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[MM Curator Summary]: More on the push to convert CMS into USDA.
“Food as medicine” may be coming to a health plan near you.
More states are testing Medicaid programs that’ll provide more people with healthy foods and, potentially, lower healthcare costs.
Medicaid typically only covers medical expenses, but Arkansas, Oregon and Massachusetts received approval from the Centers for Medicare & Medicaid Services (CMS) last year to use a portion of their Medicaid funds to pay for food programs, including medically tailored meals, groceries and produce prescriptions (fruit and vegetable prescriptions or vouchers provided by medical professionals for people with diet-related diseases or food insecurity). California already was running a food program under a different CMS approval. The aim is to see whether providing people with nutritious foods can effectively prevent, manage, and treat diet-related diseases.
“A lot of what ails our health care system is overutilization because we’ve never changed the lifestyles that take us into the health care system in the first place, and that starts with your diet,” said Indiana Senator Mike Braun at a hearing in December.
How does ‘food as medicine’ work?
Though different processes will be tested, Massachusetts and California allow medical professionals to refer struggling patients to a local food assistance organization to determine their needs. That could result in grocery store gift cards, kitchen supplies, cooking classes, nutrition counseling or a service that will deliver “medically tailored meals” to patients. In Massachusetts, patients are checked on every three months.
In November, the U.S. Department of Agriculture (USDA) invested $59.4 million partly to support so-called “produce prescriptions” from a health care provider for fresh fruits and vegetables.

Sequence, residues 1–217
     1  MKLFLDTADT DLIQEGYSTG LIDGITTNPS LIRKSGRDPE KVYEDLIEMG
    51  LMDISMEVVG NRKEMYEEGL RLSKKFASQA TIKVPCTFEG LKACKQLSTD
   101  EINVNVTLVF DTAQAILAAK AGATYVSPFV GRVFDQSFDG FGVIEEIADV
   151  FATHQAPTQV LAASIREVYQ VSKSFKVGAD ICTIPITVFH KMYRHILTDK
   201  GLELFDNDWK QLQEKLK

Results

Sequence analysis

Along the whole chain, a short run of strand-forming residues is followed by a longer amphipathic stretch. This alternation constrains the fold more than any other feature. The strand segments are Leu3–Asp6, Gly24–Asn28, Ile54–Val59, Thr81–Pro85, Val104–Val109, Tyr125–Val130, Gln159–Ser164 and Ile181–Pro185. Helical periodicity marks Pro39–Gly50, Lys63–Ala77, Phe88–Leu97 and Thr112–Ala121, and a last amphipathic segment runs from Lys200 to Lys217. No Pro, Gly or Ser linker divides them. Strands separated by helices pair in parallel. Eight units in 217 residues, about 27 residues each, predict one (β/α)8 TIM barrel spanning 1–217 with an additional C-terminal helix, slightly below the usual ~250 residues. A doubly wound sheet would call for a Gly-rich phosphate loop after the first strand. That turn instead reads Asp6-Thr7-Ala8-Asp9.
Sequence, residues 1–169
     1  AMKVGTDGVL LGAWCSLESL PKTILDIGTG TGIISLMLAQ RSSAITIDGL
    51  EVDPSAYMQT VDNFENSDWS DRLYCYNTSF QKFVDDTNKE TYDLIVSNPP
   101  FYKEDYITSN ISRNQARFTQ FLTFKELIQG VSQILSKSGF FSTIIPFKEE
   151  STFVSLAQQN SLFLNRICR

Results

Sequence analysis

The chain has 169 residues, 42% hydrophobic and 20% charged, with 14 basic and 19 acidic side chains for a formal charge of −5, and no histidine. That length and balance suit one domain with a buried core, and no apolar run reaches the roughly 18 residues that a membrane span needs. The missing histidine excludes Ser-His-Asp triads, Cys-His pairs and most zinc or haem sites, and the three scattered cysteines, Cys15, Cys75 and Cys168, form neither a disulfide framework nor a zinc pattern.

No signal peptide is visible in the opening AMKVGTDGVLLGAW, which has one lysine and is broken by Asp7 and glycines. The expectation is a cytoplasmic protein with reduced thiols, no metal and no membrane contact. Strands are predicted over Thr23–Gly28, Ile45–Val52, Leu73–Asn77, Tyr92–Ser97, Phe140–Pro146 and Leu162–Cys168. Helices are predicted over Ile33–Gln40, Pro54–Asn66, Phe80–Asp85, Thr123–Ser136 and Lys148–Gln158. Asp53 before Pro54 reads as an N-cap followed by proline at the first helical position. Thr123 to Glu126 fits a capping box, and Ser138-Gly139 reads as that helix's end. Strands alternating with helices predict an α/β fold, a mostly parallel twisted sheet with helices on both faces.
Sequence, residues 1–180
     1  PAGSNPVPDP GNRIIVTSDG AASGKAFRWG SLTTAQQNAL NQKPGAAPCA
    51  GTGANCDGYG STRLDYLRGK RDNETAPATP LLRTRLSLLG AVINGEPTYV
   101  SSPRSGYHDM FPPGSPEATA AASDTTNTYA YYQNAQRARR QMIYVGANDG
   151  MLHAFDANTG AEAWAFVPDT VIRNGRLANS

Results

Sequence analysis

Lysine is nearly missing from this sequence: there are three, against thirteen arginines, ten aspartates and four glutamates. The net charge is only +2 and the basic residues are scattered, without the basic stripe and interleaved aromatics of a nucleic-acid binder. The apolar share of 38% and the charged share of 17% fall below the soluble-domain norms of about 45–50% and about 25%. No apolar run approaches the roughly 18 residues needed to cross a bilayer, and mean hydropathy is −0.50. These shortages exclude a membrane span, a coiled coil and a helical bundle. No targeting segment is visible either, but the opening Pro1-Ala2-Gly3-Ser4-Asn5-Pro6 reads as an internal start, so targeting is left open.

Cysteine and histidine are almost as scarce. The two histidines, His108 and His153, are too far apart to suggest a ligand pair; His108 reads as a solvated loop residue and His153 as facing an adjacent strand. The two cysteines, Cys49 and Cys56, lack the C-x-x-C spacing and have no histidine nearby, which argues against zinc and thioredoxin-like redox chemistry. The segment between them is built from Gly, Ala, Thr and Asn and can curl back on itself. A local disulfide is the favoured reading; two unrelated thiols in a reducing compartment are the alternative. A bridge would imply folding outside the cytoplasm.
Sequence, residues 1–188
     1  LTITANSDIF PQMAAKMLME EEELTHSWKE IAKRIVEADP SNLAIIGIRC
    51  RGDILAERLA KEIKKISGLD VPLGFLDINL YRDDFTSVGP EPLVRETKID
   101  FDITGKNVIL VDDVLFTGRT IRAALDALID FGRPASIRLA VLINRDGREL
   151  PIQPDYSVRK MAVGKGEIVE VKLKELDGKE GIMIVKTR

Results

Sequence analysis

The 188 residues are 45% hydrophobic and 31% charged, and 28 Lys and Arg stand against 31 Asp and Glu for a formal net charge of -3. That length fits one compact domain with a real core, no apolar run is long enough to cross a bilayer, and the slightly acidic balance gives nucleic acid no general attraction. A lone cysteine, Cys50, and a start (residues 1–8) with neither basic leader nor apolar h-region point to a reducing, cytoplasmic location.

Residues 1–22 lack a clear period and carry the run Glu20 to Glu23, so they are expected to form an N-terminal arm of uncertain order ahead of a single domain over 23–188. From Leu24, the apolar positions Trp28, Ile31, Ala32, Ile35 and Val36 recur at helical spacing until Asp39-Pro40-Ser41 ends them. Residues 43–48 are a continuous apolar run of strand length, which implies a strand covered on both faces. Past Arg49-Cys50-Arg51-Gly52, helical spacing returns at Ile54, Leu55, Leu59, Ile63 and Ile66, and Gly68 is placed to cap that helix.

Does food as medicine work?
“The relationship between what we eat and how it affects our health and mortality is clear,” said Dan Glickman, co-chair of the Task Force on Hunger, Nutrition, and Health, at a hearing in December.
A study published last fall estimated that if all patients in the U.S. with mobility challenges and diet-related diseases received medically tailored meals, 1.6 million hospitalizations would be avoided, with a net savings of $13.6 billion annually.
Another study in 2019 found that over the course of about a year, the meals resulted in 49% fewer inpatient admissions and a 16% cut in health care costs compared with a control group of patients who did not receive the meals.
There is more work to be done to determine if this idea can flourish and the best ways to implement it.
This spring, the American Heart Association and Rockefeller Foundation will launch a $250 million “Food is Medicine” Research Initiative to determine if such programs can be developed cost-efficiently enough to merit benefit coverage and reimbursement for patients, said Kevin Volpp, director at the University of Pennsylvania’s Center for Health Incentives and Behavioral Economics and leader of the initiative.
CMS requires such programs to be neutral to the federal budget and capped at 3% of the state’s total Medicaid spend, according to Madeline Guth, senior policy analyst with KFF’s Program on Medicaid and the Uninsured.
Other issues include finding food suppliers, defining what’s “nutritious,” and who would ultimately qualify. Because there are strict guidelines now, only a very small percentage of Medicaid recipients are eligible in these pilots, Guth said.
“CMS is indicating what it approved for those states is setting the stage for what it’s willing to approve and looking to approve for other states,” Guth said. “There could be more coming, but these states will be the model and what we’ll be watching over the next year or so.”
Medora Lee is a money, markets, and personal finance reporter at USA TODAY. You can reach her at email@example.com and subscribe to our free Daily Money newsletter for personal finance tips and business news every Monday through Friday morning.